It took too many centuries to rebuild our national life. Centuries that saw the persecution and killing of our people by the Crusaders, the Inquisition, the pogroms of Europe and the Arab world, and finally, the Shoah - the Holocaust. However, that hope, the light of Rabbi Akiva's teachings, persisted in the hearts of the People of Israel and allowed us to reconstruct our history, creating a present and a strong future for the Jewish People through the establishment of the State of Israel – when we overcame our defenseless condition.
When we see Jerusalem rebuilt, its glorious presence reflected in hundreds and thousands of bonfires recalling Bar Kochba's spirit of struggle for liberation that we celebrate on Lag B'Omer, we evoke the hopeful omens of Rabbi Akiva, and it moves to be alive in an era in which Jerusalem is "full of joy, of boys and girls jumping and singing in the streets." What a great privilege it is to witness our National Reconstruction!
May the light of our Lag BaOmer bonfires that reflect
the light of the Jewish hope for national freedom
which Rabbi Akiva taught us to see, also illuminate
our glorious present of independence and freedom
of our even more promising future.
Lag BaOmer Sameach!
RABBI CARLOS A. TAPIERO
Deputy Director-General & Director of Education
Maccabi World Union
 The first major written redaction of the Jewish oral traditions called the "Oral Torah" and the first major work of Rabbinic Judaism.
His real name was Shimon bar Kosiva.
 Following the battle of Betar, Bar Kochvah's last stronghold of resistance against the Romans, and the place where he fell dead, there were a few small skirmishes in the Judean Desert Caves, but the war was essentially over and Judean independence was irretrievably lost. The Romans plowed Jerusalem with a yoke of oxen. Jews were sold into slavery and many were transported to Egypt. Judean settlements were not rebuilt. Jerusalem was turned into a pagan city called Aelia Capitolina and the Jews were forbidden to live there. They were permitted to enter only on the 9th of Av to mourn their losses in the revolt. Hadrian changed the country’s name from Judea to Syria Palestina.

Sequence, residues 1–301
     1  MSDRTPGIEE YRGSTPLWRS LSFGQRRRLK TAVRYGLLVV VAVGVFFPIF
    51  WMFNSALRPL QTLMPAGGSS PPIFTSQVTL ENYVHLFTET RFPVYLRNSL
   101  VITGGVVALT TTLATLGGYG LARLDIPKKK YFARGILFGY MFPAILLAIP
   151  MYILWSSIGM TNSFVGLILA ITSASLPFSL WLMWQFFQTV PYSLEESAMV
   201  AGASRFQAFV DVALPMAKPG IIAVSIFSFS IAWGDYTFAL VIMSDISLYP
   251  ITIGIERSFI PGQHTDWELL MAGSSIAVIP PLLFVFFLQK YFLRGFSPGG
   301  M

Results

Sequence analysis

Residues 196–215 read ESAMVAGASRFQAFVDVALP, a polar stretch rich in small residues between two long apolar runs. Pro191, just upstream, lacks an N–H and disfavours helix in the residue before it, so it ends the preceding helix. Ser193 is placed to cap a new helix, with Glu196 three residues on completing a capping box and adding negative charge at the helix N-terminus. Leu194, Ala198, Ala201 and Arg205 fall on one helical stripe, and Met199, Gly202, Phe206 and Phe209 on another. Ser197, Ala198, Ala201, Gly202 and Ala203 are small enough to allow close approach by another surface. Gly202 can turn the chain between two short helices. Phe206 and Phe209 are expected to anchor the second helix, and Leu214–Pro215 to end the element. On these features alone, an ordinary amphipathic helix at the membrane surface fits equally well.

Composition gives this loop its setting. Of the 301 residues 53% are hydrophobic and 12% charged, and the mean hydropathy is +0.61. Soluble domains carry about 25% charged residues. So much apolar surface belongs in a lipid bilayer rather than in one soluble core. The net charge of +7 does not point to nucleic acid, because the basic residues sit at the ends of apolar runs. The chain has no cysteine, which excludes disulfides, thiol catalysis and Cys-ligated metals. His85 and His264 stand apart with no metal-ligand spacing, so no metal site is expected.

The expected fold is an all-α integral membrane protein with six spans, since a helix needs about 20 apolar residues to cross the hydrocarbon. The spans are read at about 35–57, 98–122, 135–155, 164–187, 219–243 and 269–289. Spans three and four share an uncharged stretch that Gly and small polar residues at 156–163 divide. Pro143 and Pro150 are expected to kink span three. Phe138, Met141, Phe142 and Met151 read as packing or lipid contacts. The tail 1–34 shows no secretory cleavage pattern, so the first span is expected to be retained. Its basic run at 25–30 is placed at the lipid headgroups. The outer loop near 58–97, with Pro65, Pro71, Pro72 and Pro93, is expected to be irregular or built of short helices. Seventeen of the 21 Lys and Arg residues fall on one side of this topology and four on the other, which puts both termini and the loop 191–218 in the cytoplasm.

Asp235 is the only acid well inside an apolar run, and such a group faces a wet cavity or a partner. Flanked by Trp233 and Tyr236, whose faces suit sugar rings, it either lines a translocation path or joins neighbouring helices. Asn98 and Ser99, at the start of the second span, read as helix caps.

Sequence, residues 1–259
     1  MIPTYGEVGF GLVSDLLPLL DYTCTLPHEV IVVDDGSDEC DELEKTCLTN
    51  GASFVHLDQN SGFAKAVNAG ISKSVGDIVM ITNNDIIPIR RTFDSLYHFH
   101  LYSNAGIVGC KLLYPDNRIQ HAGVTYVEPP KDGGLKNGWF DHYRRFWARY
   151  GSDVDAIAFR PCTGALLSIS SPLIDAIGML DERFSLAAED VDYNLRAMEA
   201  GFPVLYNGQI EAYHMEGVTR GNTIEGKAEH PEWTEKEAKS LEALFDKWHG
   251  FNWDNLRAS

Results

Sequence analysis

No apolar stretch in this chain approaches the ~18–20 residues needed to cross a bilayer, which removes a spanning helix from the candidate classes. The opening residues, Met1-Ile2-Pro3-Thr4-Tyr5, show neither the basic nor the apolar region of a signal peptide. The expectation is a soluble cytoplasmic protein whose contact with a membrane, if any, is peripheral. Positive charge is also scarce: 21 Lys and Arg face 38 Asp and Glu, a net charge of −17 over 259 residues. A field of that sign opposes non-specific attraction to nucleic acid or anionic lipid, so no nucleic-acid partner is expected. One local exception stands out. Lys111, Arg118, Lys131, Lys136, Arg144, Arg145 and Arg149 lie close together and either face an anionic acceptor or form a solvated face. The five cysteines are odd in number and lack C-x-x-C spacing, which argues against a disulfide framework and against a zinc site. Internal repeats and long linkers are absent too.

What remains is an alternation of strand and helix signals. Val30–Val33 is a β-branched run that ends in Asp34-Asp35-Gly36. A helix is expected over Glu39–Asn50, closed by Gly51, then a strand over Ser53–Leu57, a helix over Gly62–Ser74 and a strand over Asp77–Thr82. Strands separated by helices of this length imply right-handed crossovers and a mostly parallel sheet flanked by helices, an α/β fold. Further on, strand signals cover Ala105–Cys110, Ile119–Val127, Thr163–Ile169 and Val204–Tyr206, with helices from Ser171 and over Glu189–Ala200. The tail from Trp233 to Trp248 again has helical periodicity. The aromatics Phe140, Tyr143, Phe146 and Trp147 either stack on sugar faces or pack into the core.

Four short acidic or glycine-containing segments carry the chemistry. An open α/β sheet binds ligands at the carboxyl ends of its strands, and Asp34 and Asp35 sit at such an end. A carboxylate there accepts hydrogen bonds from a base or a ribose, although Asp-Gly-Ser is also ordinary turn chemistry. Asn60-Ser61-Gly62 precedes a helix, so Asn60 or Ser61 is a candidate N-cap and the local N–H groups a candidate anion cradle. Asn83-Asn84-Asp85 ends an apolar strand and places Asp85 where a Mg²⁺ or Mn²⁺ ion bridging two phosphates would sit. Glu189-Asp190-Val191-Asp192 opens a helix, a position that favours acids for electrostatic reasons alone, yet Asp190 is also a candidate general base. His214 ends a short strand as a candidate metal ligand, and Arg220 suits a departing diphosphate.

"Very few Jews in fact survived. Fifty of their most important outposts and 985 better known villages were razed to the ground. 580,000 were killed in the various engagements or battles. As for the numbers who perished from starvation, disease or fire, that was impossible to establish" - Cassius Dio, Roman history 69.13.2-3 [Lucius Cassius Dio Cocceianus, Roman historian, III c.e.]
The Romans resorted to terrible atrocities to win the war. Bodies were left unburied for several years. There are three reports that children were wrapped in Torah scrolls and burned alive (Babylonian Talmud, Gittin 57a-58b; Lamentations Rabbah 2.2 §4; Seder Elijah Rabbah 151).
Pagan sanctuaries were erected right over places of Jewish worship: the temple to Jupiter was erected on the site of the Jewish Temple, Hadrian's equestrian statue being placed in the Holy of Holies, and before the southern gate of Aelia, the Romans erected a marble statue of a pig. Even worse, the Jews were not even allowed toseetheir ancestral home town. Rabbi Akiva violated this edict, and after some time in prison, the old man was tortured to death; at least nine other rabbis were executed, too –Asarah Harugei Malchut, the 10 martyrs whom we remember in the Yom Kippur prayer.
 He lived between 50 y el 135 c.e.
This is the Mount which faces the whole City of Jerusalem and the Temple Mount (Moriah). Today Mount Scopus is the home of the Hebrew University of Jerusalem.
Bamidbar (Numbers) I, 51.
 Yirmiahu (Jeremiah) XXVI, 18.
 Zechariah VIII, 5.
 Tractate Maccot 24a, Babilonian Talmud.